This was lightly touched in another thread, but I didn’t want to tag into it since it was not the main topic. I’ll now proceed to procliam my gross ignorance on this topic.
Anyway, I have recently heard about a couple preparing for marriage. One is a Byzentine Catholic, the other a Roman Catholic (I guess the proper Rite would be Latin Rite?) . From what I have heard, they can’t just simply “get married” and attend whatever Parish they want…they must decide which Rite they will formally register as.
Is this correct? And is there a reason for that? Also, if they choose the Byzentine, are they still free to attend Mass at a Latin Rite Church…and vice versa?
Any Catholic may worship at any Catholic parish of any of the 23 Catholic churches. One need not change membership to a different ritual church in order to worship there.
If the man is Byzantine Catholic, the wedding must take place either in his parish, or there must be permission from his bishop for the wedding to take place in the bride’s parish. Regardless of which one is Byzantine Catholic, and regardless of where the wedding takes place, it must be witnessed and blessed by a priest (not a deacon) for the marriage to be valid.
If the man is Byzantine, and if his wife wishes, she may change from being enrolled as a Roman Catholic to being enrolled as a member of the ritual church of her husband, but she is under no obligation to do so. I’m not sure what the canons permit is she is Byzantine and want to change her enrollment to Roman Catholic.
One additional thing is that there are some different impediments in the eastern canon law than compared to the Latin canon law. There can be no impediments of the Latin or of the eastern Church present for the inter-ritual matrimony to proceed.
Quite so. This is a reason I do think Eastern Catholics need to be catechized about issues that can render a marriage invalid for them which would not render invalid the marriage of two Latin Church Catholics. It’s never a good thing for an engaged couple to discover they are not free to marry. Also, IMHO anytime a Latin Church is approached with a couple seeking marriage and one of the parties is Eastern/Oriental Catholic the chancery should be consulted. Hopefully when the marriage is taking place in an ECC parish the clergy are familiar with their canons and know the impediments that would cause the marriage to be invalid.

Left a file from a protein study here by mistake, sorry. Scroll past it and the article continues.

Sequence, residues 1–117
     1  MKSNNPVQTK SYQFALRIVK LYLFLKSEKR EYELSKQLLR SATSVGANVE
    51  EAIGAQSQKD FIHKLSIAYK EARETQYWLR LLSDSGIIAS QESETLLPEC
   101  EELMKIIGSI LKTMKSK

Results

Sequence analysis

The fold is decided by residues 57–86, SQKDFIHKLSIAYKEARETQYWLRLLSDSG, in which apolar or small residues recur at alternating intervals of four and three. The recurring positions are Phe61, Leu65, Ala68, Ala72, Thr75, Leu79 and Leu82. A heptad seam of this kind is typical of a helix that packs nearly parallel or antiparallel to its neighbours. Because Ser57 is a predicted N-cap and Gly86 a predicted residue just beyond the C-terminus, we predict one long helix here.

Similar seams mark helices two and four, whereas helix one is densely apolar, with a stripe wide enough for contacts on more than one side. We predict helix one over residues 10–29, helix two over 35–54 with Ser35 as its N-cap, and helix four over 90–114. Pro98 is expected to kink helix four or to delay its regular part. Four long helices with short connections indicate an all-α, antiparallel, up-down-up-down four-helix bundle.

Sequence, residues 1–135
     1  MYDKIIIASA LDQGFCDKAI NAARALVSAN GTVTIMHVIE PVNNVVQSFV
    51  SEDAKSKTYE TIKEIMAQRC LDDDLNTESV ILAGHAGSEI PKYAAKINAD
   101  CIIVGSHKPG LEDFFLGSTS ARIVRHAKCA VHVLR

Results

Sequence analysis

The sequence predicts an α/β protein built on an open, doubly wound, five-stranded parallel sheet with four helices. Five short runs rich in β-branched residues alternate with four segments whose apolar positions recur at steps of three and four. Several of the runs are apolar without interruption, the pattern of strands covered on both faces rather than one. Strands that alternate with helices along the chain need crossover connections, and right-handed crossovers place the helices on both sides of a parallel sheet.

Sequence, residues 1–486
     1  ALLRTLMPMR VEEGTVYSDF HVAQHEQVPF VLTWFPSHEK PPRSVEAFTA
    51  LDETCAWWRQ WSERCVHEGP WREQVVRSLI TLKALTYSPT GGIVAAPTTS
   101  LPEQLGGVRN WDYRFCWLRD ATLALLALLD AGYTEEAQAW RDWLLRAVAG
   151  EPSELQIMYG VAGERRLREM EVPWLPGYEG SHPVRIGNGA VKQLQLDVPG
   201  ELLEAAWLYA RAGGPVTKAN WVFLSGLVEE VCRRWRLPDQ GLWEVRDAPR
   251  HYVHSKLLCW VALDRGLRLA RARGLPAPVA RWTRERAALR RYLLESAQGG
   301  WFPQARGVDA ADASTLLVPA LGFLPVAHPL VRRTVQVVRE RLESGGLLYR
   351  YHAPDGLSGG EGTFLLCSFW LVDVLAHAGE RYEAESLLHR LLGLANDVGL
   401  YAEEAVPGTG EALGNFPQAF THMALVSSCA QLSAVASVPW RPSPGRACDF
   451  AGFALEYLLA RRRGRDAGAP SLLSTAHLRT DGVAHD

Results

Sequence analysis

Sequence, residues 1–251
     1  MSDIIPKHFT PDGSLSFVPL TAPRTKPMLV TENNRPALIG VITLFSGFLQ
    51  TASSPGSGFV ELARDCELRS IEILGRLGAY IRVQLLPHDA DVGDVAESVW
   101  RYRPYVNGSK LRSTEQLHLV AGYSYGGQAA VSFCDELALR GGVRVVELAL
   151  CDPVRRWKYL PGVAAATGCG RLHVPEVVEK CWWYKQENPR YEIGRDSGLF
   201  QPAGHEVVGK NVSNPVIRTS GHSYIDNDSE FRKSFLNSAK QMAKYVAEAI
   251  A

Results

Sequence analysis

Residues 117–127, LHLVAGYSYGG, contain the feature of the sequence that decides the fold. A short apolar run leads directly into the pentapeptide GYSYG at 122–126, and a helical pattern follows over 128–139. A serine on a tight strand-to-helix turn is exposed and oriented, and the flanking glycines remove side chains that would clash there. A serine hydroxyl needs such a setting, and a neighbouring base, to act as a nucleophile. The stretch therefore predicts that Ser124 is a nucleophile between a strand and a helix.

AFAIK, the prescriptions of Allatae Sunt are still in force - namely, it is not permitted under pain of censure to attempt to induce an Eastern or Oriental Catholic to switch membership to the Latin Catholic Church. This prescription has been repeated by several Popes since it was first promulgated. I think the latest was with the promulgation of cum data fuerit. Of course, an Eastern or Oriental Catholic can switch of their own free choice.
These following are normal cases, the extraordinary is by transfer request and might not be granted:
No one can presume in any way to induce the Christian faithful to transfer to another Church sui iuris.
A wife is at liberty to transfer to the Church of the husband at the celebration of or during the marriage; when the marriage has ended, she can freely return to the original Church sui iuris.
If the parents, or the Catholic spouse in the case of a mixed marriage, transfer to another Church sui iuris, children under fourteen years old by the law itself are enrolled in the same Church; if in a marriage of Catholics only one parent transfers to another Church sui iuris, the children transfer only if both parents consent. Upon completion of the fourteenth year of age, the children can return to the original Church sui iuris.
Thanks for the additional great info. I actually had to look up “sui iurus” to find out what it meant.
So, now what I understand is that, as long as there is no impediment to marriage, they are free to celebrate Marriage in, and attend Mass, at whichever Rite they choose, as long as the groom has permission from his Bishop (for the wedding celebration if he chooses the Latin Rite Parish) and a Priest must bless/witness the Marriage, not a Deacon.
Also, regardless of which Parish they register with (either the Byzantine or the Latin) they are free to attend Mass at either Rite, (and now for another question) but the Priest at the Parish in which they register will have the responsibility of conferring the Sacraments? In other words, if they are registered in the Byzantine, the Priest at the Latin Rite Parish will not be the one to Baptize their children, etc…?
They can even have their children chrismated by whichever, or even a third, provided the parents agree to which church the child is admitted; by default it’s the father’s church of enrollment, and that the local pastor and their proper pastor agree to it.
If, however, the children are to be enrolled in an Eastern Church, they are supposed to be baptized, confirmed, and receive first communion all at once, even if done by a Roman priest.
Also note: there is provision in Eastern Canon Law for marriage witnessed by a deacon, or even by two laymen, when a priest is not available for an extended period. While it’s seldom relevant in the US or Europe, there are places where it does matter. The priest’s blessing is supposed to be sought at the earliest opportunity when this is done. The difference being that the pastor may not delegate marriages of easterners to the Deacon unless the pastor is remote.
Actually, you were right the first time, it’s the “Roman Rite”. “Latin” and “Roman” are sometimes used interchangeably, but technically they’re not interchangeable. (In fact, the Latin Church has other Rites besides the Roman Rite, e.g. the Ambrosian Rite and the Mozarabic Rite.)